engineer paths or/and provision resources for traffic requiring

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   Expedited Forwarding [EF] or Assured Forwarding [AF]. (Refer to
   [MCPROV]).

   c) To decrease fanout, egress routers (where multicast data traffic
   exits) can obtain the contraint routes towards the root of the tree
   and construct the tree along these paths instead.  These routes can
   be statically configured or provided by an algorithm which takes into
   account fanout in route computation and this can be developed
   independently of the basic TE scheme described in this proposal.

   d) Load Balancing - a load balancing algorithm can provide an
   alternative path that a control message can take depending on the
   service level requirement of the group and the current utilization of
   the equal cost paths.

   e) Policy routing - Different paths may be defined for different
   groups.

8.0 Acknowledgments
   The authors are grateful to Dirk Ooms and Yunzhou Li for reviewing
   this draft and their helpful suggestions to improve this proposal,
   Jamal Hadi-Salim for his technical advice and Jon Crowcroft for
   providing insightful comments.

References

   [ARCH] E. Rosen, A. Viswanathan, R. Callon, "Multiprotocol Label
   Switching Architecture", Work in Progress, July 1998.

   [MPLS-TE] Awduche, D. et al., "Requirements for Traffic Engineering over
    MPLS", Internet Draft, draft-ietf-mpls-traffic-eng-00.txt, October 1998.

   [CRLDP] L. Andersson, A. Fredette, B. Jamoussi, R. Callon, P. Doolan,
   N. Feldman, E. Gray, J. Halpern, J. Heinanen T. E. Kilty, A. G.
   Malis, M. Girish, K. Sundell, P. Vaananen, T. Worster, L. Wu, R.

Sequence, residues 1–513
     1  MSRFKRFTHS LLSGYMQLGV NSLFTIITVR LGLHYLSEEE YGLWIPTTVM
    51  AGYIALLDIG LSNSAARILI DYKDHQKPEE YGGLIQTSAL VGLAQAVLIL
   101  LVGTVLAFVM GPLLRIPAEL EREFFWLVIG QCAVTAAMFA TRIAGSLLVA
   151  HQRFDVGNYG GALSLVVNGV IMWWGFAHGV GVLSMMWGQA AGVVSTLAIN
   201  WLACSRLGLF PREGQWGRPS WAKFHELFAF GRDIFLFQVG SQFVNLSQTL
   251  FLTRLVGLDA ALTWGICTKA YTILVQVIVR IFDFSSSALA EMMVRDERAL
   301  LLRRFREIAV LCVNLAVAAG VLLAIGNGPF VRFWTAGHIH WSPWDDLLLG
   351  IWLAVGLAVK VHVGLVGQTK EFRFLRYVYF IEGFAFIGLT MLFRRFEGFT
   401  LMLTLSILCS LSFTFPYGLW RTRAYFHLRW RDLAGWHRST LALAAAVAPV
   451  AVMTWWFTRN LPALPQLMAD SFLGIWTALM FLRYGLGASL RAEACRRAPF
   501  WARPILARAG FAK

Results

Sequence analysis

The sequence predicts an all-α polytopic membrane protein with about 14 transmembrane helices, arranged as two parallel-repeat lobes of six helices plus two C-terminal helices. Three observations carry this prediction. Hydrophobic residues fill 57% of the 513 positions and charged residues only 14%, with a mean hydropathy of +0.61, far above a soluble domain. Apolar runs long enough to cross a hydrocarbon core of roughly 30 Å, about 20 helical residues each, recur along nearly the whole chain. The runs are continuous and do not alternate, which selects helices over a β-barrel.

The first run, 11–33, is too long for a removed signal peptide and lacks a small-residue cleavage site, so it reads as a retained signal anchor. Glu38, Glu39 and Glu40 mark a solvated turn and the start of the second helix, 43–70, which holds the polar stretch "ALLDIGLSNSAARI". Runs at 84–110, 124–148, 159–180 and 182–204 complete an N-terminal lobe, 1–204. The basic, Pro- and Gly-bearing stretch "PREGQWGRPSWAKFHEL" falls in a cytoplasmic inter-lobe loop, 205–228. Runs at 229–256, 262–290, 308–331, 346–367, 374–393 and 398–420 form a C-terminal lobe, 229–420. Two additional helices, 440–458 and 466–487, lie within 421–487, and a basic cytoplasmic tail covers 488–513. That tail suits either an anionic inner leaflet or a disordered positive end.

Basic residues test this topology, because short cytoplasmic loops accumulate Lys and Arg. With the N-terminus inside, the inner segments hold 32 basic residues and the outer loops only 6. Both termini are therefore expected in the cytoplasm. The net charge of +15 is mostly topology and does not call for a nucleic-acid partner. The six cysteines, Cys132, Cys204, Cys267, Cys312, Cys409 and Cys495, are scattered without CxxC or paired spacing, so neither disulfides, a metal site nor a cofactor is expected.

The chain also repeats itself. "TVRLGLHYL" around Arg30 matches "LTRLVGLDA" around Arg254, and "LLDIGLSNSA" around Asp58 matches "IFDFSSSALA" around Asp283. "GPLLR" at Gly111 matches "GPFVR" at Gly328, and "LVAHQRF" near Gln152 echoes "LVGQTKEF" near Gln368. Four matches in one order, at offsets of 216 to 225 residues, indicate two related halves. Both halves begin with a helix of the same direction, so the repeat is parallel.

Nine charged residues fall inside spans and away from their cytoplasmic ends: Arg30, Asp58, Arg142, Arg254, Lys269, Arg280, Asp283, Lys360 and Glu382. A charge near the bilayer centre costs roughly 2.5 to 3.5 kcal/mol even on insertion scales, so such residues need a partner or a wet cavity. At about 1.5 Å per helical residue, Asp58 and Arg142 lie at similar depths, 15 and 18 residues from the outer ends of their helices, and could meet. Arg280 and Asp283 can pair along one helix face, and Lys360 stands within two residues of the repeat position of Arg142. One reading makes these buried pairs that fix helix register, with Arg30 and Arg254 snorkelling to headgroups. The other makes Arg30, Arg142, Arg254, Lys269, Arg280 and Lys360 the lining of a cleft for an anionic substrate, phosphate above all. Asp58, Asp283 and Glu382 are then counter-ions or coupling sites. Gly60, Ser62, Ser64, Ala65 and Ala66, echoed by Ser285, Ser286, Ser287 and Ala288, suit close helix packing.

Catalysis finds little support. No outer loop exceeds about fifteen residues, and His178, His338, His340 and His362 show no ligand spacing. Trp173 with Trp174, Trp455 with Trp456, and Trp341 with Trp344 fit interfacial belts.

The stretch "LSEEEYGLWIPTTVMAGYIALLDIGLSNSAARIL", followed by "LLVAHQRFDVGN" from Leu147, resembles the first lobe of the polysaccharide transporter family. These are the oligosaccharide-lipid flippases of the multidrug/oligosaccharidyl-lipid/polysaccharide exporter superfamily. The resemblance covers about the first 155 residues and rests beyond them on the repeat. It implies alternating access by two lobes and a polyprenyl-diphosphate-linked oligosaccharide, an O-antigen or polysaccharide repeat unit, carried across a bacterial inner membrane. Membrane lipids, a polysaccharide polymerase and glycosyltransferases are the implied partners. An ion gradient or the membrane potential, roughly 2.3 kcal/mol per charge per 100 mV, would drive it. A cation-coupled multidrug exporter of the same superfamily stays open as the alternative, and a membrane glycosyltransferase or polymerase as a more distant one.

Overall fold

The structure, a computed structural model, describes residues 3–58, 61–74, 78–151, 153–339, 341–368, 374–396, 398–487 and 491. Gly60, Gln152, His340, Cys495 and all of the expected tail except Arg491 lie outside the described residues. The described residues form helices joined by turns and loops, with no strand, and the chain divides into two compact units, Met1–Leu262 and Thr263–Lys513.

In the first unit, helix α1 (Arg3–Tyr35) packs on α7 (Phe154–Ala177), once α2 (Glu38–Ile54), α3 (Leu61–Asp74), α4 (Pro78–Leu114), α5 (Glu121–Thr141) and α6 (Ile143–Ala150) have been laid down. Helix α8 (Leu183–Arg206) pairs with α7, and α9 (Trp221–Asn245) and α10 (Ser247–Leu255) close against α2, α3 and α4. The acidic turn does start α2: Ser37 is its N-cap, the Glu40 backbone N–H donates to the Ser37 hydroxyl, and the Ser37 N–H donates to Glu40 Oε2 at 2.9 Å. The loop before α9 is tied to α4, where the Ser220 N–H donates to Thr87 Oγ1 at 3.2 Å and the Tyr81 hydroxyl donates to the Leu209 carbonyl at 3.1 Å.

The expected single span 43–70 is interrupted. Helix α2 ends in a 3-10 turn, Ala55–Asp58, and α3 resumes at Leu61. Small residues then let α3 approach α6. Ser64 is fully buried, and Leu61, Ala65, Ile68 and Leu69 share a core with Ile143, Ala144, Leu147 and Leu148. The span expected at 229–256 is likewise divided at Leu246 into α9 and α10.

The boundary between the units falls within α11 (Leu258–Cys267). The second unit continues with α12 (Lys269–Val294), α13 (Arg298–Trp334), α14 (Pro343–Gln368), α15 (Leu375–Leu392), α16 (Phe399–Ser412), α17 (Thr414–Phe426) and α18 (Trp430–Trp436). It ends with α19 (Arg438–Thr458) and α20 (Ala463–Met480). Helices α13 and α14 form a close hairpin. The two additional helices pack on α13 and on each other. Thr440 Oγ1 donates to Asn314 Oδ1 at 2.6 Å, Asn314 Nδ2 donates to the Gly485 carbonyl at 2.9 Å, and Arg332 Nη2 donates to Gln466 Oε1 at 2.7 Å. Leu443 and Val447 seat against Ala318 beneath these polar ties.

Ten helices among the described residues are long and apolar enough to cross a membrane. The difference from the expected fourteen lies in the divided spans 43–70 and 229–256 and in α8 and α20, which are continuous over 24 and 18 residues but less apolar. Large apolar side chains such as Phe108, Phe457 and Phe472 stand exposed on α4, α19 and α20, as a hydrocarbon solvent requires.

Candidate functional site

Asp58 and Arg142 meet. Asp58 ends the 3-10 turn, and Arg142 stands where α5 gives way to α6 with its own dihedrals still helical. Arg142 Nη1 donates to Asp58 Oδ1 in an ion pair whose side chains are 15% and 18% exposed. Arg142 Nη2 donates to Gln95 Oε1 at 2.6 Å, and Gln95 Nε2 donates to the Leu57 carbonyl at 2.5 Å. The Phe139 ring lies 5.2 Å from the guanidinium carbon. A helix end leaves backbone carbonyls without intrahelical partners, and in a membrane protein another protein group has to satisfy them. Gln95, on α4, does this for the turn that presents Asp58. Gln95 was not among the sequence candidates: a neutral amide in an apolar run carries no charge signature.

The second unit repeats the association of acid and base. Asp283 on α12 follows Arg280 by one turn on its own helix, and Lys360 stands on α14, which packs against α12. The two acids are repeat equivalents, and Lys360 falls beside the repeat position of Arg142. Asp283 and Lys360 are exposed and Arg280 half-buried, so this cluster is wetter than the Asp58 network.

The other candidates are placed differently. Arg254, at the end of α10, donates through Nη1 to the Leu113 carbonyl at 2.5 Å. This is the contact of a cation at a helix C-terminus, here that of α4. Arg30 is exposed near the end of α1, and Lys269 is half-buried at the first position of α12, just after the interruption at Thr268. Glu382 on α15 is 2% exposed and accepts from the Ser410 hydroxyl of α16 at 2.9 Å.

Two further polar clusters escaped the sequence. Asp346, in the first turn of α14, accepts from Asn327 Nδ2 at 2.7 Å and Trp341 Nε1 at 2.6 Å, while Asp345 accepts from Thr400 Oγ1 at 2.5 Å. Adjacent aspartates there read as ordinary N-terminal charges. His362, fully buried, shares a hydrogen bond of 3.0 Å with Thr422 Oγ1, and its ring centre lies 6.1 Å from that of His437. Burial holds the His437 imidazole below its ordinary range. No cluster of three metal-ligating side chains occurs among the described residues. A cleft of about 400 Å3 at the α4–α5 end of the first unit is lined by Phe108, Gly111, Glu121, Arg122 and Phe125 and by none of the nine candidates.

Dantu, "Constraint-Based LSP Setup using LDP", Work in Progress,
   January, 1999.

   [ISIS_TE] Smit, H. and T. Li, "ISIS Extensions for Traffic Engineering,"
   draft-ietf-isis-traffic-00.txt, work in progress.

   [OSPF-TE], D Katz, D Yeung, "Traffic Engineering Extensions to OSPF",
   draft-katz-yeung-ospf-traffic-00.txt

   [TE-RSVP] D. Awduche, L. Berger, D-H. Gan, T. Li, G. Swallow,
   Vijay Srinivasan,

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   Internet Draft, draft-ietf-mpls-rsvp-lsp-tunnel-02.txt, September 1999

   Multicast Routing with resource reservation,
   Journal of High Speed Networks 7 (1998) 113-139,
   B. Rajagopalan, R. Nair

   CBT, Core Based Tree Multicast Routing,
   Internet-Draft, March 1998, Ballardie, Cain, Zhang

   PIM-SM, Protocol independent multicast-sparse mode Specification,
   RFC-2117, June 1997
   Estrin, Farinacci, Helmy, Thaler, Deering, Handley,
   Jacobson, Liu, Sharma, and Wei.

   BGMP, Border Gateway Multicast Protocol Specification,
   Internet-Draft, March 1998, Thaler, Estrin, Meyers

   Express, H. Holbrook, D. Cheriton
   Sigcomm Paper

   SM, Simple Multicast, Internet-Draft, March 1999,
   draft-perlman-simple-multicast-02.txt, Perlman et al

   YAM, K. Carlberg, J. Crowcroft
   Hipparch 1998

   [MPLS-LOOP-AVOID] "Avoiding Loops in MPLS", Internet Draft,
   draft-leecy-mpls-loop-avoid-00.txt, June 1999
   C-Y Lee, L. Andersson, Y. Ohba,

   [CLARK] D. Clark and J. Wroclawski, "An Approach to Service
   Allocation in the Internet", Internet Draft

   [DSHEAD]  K. Nichols and S. Blake, "Definition of the
   Differentiated Services Field (DS Byte) in the IPv4 and IPv6
   Headers", Internet Draft, May 1998.

   [AF]  J.Heinanen, F.Baker, W. Weiss, J. Wroclawski
   Assured Forwarding PHB Group RFC2597, June 1999

   [EF]  V.Jacobson, K. Nichos, K. Poduri,
   Expedited Forwarding Per Hop Behavior, RFC2598, June 1999

   [MCPROV] C-Y Lee,
   Provisioning Resources for Multicast Traffic in a
   Differentiated Services Network, Internet Draft October 1999

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Authors' Information

   Cheng-Yin Lee
   Nortel Networks
   PO Box 3511, Station C
   Ottawa, ON K1Y 4H7, Canada
   leecy@nortelnetworks.com

   Loa Andersson
   Nortel Networks Inc
   Kungsgatan 34, PO Box 1788
   111 97 Stockholm
   Sweden
   Phone: +46 8 441 78 34
   obile: +46 70 522 78 34
   email: loa_andersson@nortelnetworks.com

   Ken Carlberg
   SAIC
   S 1-2-8
   1710 Goodridge Drive
   McLean, VA.  22102
   carlberg@time.saic.com

   Bora Akyol
   Pluris Terabit Network Systems
   10445 Bandley Drive
   Cupertino, CA 95014
   USA
   akyol@pluris.com
   Phone: (408) 861-3302
   Fax: (408) 863-0271
   email: akyol@pluris.com